Loyalists in Quebec
- Eastern townships too vulnerable to American attack.
- Gov. Haldimand
-- settle them north of Lake Ontario
- Had to get Natives' consent (proclamation of 1763)
-- during this time, indian territory was large
Native peoples frustated
- left out of the treaty process
-- lands---> US
-- US not bound by Proclamation of 1763; no longer part of british colonies
- Different views:
-- British: buying land
-- Natives: sharing land
- Natives end up losing valuable agricultural land.
Grand River--- modern south ontario
- 1784, Land grant given to Mohawk loyalalists and six nations allies, on either side of the Grand river.
- they felt safer in British territory and better off; six nations fought with British against americans during
-- six nations had to move from modern New York in order to take advantage of this grant.
- British were glad to have allies on frontier against americans.
- arrived in 1790s
- some vacated british trading posts in US territory
-- more so immigrants than refugees.
- others were attracted by land grants.
Constitution Act 1791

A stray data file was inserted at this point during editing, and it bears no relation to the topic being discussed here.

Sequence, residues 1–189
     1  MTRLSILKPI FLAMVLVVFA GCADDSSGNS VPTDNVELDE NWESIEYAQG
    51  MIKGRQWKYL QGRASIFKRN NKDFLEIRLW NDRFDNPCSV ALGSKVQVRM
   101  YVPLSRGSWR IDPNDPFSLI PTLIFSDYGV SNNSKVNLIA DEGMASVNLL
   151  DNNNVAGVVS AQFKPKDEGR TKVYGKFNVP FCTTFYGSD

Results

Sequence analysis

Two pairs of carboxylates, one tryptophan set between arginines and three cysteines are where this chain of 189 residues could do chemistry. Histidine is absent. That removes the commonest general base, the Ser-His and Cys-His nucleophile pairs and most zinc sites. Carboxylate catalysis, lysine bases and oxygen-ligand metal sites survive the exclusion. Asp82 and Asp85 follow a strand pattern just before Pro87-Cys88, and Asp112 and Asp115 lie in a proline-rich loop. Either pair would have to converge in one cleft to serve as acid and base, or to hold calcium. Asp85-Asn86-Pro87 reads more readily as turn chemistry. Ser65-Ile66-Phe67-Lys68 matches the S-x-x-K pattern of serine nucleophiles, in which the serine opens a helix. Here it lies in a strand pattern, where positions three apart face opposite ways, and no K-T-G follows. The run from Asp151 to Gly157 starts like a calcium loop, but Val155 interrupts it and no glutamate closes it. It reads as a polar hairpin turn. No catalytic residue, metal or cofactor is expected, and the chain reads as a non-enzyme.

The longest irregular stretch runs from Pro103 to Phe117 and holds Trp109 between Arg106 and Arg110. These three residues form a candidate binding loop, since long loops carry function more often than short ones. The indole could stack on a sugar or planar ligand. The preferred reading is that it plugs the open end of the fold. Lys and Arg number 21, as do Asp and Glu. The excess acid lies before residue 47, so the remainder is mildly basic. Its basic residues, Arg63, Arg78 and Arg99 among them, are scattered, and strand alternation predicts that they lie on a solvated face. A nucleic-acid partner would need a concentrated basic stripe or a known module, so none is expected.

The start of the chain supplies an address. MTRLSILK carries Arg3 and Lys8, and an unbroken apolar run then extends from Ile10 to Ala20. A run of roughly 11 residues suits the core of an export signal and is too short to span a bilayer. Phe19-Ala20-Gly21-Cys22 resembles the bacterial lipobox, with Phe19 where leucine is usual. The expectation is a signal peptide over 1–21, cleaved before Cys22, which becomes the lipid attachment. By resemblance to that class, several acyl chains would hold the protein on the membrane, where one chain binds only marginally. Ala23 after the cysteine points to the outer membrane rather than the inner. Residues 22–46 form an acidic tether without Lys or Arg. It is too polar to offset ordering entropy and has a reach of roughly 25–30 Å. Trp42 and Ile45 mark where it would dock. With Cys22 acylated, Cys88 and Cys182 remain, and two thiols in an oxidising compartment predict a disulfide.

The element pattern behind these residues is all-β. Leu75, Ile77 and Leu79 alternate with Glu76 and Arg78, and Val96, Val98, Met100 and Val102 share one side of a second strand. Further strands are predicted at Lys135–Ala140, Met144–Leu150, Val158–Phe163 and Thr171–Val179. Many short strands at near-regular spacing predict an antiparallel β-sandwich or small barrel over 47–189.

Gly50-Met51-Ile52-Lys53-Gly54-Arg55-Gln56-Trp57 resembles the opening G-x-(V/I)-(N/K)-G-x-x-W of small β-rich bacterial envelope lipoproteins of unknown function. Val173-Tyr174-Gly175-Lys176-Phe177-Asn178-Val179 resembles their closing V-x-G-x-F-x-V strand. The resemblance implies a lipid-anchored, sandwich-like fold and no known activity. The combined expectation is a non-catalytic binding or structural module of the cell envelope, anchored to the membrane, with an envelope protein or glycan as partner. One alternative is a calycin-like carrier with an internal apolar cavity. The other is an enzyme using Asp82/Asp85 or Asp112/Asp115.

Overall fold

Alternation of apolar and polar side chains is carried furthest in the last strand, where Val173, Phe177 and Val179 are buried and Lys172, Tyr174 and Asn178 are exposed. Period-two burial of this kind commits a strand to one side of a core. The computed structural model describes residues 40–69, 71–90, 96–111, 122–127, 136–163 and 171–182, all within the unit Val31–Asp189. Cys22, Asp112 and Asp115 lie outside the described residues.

- Split Quebec into Upper and Lower Canada
- Upper canada (modern Ontario)
-- British laws
-- English-speaking majority
-- freehold tenure: allowed to apply for a land grant.
- Lower Canada (modern Quebec)
-- French-speaking majority
-- French civil law
-- seigneurial system allowed to continue where it existed, but new land grants are under new system
-- freehold tenure for future grants
- elected assembly
-- local taxes
-- ensured loyalty from settlers.
- Appointed legislative council
--- introduce own bills
--- veto bills from assembly
- Lieutenant-Governor, Governor
--- reserve consent to bills
--- dismiss assemblies. **** important: appointed council had more power.
- property qualification
- powerful appointed officials
- legislative council had a lot of power, appointed for life, given large land grants (all to establish a stable elite
force/ colonial "aristocracy")
- "clergy reserves": 1/7 of land were worked by people and money goes to church
-- no separation of church and state
- countered radical tendencies.
- First Liuetenant governor John Simcoe
- wanted to replicate English aristocracy and create a "little England" in Canada"
-- appointed those in his own class, gave them large grants of land, and patronage positions. Made sure they
got government contracts
-- added to the wealth and power of those in his own class.
- Not popular with american immigrants. The idea of such a tightly controlled govt wasn't appealing to anyone.
- established local govt, social services in districts and towns.
- Set wheels in motion to stop slavery
Cult of Dishonesty
- middle-class ideals of feminitiy
- marriage, strategy to form alliances
- focus on motherhood and domestic realm
- make homes moral havens
- some informal power
-- had power in domestic realm, but lives were constrained within domestic realm
- English-speaking elite